That which sits in the shadow of its tail

My friends Kate and Anoop are on vacation in India and Kate sent this submission of an adorable Indian BLM:

Here is either a chipmunk or an Indian squirrel that Anoop and I saw today in Bangalore, India, across the street from his grandmother’s house. It is hard to see but it has stripes on its back like an American chimpmunk though it is built more like an American squirrel. Actually, we saw four of them but this is the only one in a picture. They are surprisingly shy for living in the center of a city of 10 million people. Apparently sometimes they get all rabid and bite people, but I think this one is pretty safe.

This submision got me to thinking, what is the difference between a chipmunk and a squirrel? I know what a standard American chipmunk looks like, and I know what a common American squirrel looks like, but I have also seen something in America called a ground squirrel, which frankly looked rather like a chipmunk, and so now having thought about it I am all confused as to what is going on.

So, I headed over to Wikipedia, and since I want this site to be an educational one, I will now pass on what I learned:

According to Wikipedia, “Chipmunk is the common name for any small squirrel-like rodent species of the genus Tamias in the family Sciuridae” and “A squirrel is a small or medium-sized rodent of the family Sciuridae…The Sciuridae family also include flying squirrels, as well as ground squirrels such as the chipmunks, prairie dogs, and woodchucks.” So basically, chipmunks and squirrels are two BLMs in the same family. Also, chipmunks can evidently be referred to as “ground squirrels”, and so can prairie dogs and woodchucks, which makes no sense because neither of those animals is anything like a squirrel, as far as I am concerned.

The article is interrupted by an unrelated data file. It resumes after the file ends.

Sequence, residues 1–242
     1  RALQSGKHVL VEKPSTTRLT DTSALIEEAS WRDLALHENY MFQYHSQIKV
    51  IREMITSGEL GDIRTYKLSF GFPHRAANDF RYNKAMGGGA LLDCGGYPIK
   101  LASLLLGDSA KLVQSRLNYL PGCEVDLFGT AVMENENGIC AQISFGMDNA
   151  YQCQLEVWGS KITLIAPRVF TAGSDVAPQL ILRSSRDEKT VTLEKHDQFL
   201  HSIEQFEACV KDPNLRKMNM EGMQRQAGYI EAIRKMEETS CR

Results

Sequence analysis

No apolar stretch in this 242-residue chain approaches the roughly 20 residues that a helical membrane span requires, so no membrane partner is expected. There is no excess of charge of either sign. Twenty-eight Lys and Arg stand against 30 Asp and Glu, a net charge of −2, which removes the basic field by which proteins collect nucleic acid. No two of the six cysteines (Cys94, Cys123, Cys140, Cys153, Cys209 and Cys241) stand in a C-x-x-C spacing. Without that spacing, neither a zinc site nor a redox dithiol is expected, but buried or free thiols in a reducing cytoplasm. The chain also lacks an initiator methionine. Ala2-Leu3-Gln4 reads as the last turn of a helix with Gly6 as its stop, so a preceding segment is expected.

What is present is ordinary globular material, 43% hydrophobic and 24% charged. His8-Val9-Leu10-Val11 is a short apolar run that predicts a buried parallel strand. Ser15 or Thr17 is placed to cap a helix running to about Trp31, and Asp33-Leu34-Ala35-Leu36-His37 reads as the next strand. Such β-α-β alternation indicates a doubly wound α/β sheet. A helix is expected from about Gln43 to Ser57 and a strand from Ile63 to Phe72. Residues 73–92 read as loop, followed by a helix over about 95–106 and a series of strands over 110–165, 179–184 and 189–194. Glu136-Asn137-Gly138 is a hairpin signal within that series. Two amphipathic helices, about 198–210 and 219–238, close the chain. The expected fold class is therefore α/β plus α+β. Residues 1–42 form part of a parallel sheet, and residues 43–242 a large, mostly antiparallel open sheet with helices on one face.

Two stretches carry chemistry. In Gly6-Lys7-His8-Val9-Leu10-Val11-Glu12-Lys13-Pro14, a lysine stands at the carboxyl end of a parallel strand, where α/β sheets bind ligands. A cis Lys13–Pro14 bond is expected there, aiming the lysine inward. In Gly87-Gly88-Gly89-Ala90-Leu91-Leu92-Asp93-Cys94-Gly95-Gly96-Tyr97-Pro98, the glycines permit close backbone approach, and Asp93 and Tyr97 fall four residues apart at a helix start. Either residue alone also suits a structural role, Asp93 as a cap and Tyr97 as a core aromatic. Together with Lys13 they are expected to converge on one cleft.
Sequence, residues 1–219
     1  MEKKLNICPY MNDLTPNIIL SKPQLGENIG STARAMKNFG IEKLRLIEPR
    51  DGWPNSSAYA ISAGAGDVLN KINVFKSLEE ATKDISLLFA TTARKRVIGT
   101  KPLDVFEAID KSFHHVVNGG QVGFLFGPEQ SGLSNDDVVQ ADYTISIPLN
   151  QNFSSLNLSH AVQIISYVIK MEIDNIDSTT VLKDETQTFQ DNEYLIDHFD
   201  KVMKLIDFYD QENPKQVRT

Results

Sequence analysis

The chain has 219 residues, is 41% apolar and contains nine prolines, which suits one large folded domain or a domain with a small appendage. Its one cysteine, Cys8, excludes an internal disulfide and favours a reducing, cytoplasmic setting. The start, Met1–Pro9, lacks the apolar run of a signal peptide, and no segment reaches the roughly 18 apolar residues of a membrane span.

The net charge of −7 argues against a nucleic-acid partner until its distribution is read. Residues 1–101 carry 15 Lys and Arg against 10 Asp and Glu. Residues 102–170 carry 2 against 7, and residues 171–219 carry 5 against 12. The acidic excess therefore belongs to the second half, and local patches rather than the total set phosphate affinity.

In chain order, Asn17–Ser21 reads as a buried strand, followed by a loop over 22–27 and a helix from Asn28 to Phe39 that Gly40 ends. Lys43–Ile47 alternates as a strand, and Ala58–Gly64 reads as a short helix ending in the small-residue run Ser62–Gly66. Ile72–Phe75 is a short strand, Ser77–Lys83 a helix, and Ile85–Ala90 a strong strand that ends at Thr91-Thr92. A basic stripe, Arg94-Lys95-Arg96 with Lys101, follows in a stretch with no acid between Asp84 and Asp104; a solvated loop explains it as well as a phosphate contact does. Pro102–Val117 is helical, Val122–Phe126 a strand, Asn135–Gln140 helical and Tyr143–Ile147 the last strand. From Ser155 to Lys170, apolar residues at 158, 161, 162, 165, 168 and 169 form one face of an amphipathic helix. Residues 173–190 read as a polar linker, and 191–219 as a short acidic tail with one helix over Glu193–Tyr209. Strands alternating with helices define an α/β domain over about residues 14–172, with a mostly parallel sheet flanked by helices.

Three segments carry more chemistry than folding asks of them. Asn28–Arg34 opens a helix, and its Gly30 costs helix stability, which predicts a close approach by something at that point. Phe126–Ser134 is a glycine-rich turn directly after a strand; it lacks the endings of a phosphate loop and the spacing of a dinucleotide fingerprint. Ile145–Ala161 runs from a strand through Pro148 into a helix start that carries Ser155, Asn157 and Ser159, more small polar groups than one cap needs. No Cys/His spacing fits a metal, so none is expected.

As I mentioned previously, I have encountered an animal that I think is actually called a “ground squirrel” and out of curiosity, I looked it up as well: “The ground squirrels are all members of the Sciuridae most closely related to the genus Marmota and included in the tribe Marmotini. It includes six known genera. Although a type of ground squirrel, the chipmunks of the genus Tamias frequently spend time in trees.”

I found this entry to be rather uninformative, as well as rather lacking, gramatically.

In conclusion:

  1. Kate, in reference to your submission, it seems it would be correct for you to have said:
    1. “Here is a chipmunk…”
    2. “Here is an Indian squirrel…”
    3. “Here is a single entity which is a chipmunk AND an Indian squirrel…”

    and PS, how do you know where the squirrel/chipmunk’s grandmother lives?

  2. The word squirrel comes from the Latin word sciurus which comes from the Greek word skiouros which is a compound of two words and can be loosely translated to mean “That which sits in the shadow of its tail”.
  3. And, finally, the submitted photos:



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